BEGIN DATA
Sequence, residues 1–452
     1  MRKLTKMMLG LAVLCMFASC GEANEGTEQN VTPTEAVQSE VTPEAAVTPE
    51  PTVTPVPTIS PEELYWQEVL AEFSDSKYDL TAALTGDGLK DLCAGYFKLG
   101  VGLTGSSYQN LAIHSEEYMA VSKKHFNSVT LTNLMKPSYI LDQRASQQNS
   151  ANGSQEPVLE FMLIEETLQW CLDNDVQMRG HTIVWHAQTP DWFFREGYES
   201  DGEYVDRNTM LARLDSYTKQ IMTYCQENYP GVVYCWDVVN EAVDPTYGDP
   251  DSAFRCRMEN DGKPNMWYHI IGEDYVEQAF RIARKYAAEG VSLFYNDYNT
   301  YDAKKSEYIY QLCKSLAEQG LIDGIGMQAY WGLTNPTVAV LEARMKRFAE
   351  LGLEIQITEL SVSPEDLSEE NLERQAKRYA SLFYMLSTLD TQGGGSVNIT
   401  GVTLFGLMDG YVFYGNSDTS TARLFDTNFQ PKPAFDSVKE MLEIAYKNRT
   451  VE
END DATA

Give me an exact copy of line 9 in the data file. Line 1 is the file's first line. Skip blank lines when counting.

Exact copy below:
   351  LGLEIQITEL SVSPEDLSEE NLERQAKRYA SLFYMLSTLD TQGGGSVNIT